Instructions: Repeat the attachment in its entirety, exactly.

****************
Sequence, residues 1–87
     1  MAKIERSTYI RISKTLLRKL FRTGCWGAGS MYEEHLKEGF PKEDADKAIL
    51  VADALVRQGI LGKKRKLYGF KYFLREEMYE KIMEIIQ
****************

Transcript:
Sequence, residues 1–87
     1  MAKIERSTYI RISKTLLRKL FRTGCWGAGS MYEEHLKEGF PKEDADKAIL
    51  VADALVRQGI LGKKRKLYGF KYFLREEMYE KIMEIIQ